Capitol Police Inspector General Michael A. Bolton has investigated the force's missteps since the siege, when hundreds of President Donald Trump's supporters broke into the building and sent lawmakers fleeing for their lives. In a report obtained by The Associated Press, he paints a dire picture of his agency's ability to respond to future threats and casts serious doubt on whether the force would be able to respond to another large-scale attack.
The Capitol Police have so far refused to publicly release the report — prepared in March and marked as “law enforcement sensitive” — despite congressional pressure. Democratic Re. Zoe Lofgren of California, who heads the House Administration Committee, said last month that she found the report, along with another the department had circulated internally, “detailed and disturbing.” Lofgren's committee is holding Thursday''s hearing.
Bolton found that the department''s deficiencies were — and remain — widespread: Equipment was old and stored badly; officers didn't complete required training; and there was a lack of direction at the Civil Disturbance Unit, which exists to ensure that legislative functions of Congress are not disrupted by civil unrest or protest activity.
That was exactly what happened on Jan 6 when Trump supporters violently pushed past police and broke into the Capitol as Congress counted the Electoral College votes that certified Joe Biden's victory.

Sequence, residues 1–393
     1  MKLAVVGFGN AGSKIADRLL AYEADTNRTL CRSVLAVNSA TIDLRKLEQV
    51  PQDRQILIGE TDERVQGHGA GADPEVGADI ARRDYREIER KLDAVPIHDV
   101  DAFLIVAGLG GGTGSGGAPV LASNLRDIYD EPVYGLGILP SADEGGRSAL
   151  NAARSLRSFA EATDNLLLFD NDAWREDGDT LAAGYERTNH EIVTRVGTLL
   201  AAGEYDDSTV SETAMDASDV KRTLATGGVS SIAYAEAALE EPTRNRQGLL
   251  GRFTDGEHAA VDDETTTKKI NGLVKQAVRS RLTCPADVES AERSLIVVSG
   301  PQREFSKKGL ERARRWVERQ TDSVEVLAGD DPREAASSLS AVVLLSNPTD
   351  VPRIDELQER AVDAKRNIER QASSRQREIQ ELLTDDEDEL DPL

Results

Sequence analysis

The report also focuses on several pieces of missed intelligence, including an FBI memo sent the day before the insurrection that then-Capitol Police Chief Steven Sund told lawmakers he never saw. The memo warned of threatening online postings by Trump backers, including one comment that Congress “needs to hear glass breaking, doors being kicked in” and blood being spilled.
“Get violent ... Stop calling this a march, or rally, or a protest," read one post recounted in the memo. "Go there ready for war. We get our President or we die. NOTHING else will achieve this goal.”A separate report prepared by the Department of Homeland Security in December alerted the police to messages on a blog where people appeared to be planning for Jan. 6. One online post included a map of tunnels under the Capitol used by lawmakers and staff. “Take note,” the message said.
The Capitol Police said in a statement Wednesday that officials had already made some of the improvements recommended in the report, and that the siege was “a pivotal moment” in history that showed the need for “major changes” in how the department operates. Still, they said that they would need more money and staff to make improvements.
“It is important to note that nearly all of the recommendations require significant resources the department does not have,” the statement said.